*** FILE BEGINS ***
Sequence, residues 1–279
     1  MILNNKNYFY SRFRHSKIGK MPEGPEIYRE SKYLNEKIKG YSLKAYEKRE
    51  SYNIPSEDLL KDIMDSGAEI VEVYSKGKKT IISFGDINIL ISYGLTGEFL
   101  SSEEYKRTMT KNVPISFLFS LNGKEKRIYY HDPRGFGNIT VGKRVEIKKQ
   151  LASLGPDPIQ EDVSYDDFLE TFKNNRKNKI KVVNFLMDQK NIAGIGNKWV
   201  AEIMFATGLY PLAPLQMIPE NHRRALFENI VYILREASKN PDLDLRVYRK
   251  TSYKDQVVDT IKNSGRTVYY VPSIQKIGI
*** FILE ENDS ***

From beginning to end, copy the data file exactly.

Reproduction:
Sequence, residues 1–279
     1  MILNNKNYFY SRFRHSKIGK MPEGPEIYRE SKYLNEKIKG YSLKAYEKRE
    51  SYNIPSEDLL KDIMDSGAEI VEVYSKGKKT IISFGDINIL ISYGLTGEFL
   101  SSEEYKRTMT KNVPISFLFS LNGKEKRIYY HDPRGFGNIT VGKRVEIKKQ
   151  LASLGPDPIQ EDVSYDDFLE TFKNNRKNKI KVVNFLMDQK NIAGIGNKWV
   201  AEIMFATGLY PLAPLQMIPE NHRRALFENI VYILREASKN PDLDLRVYRK
   251  TSYKDQVVDT IKNSGRTVYY VPSIQKIGI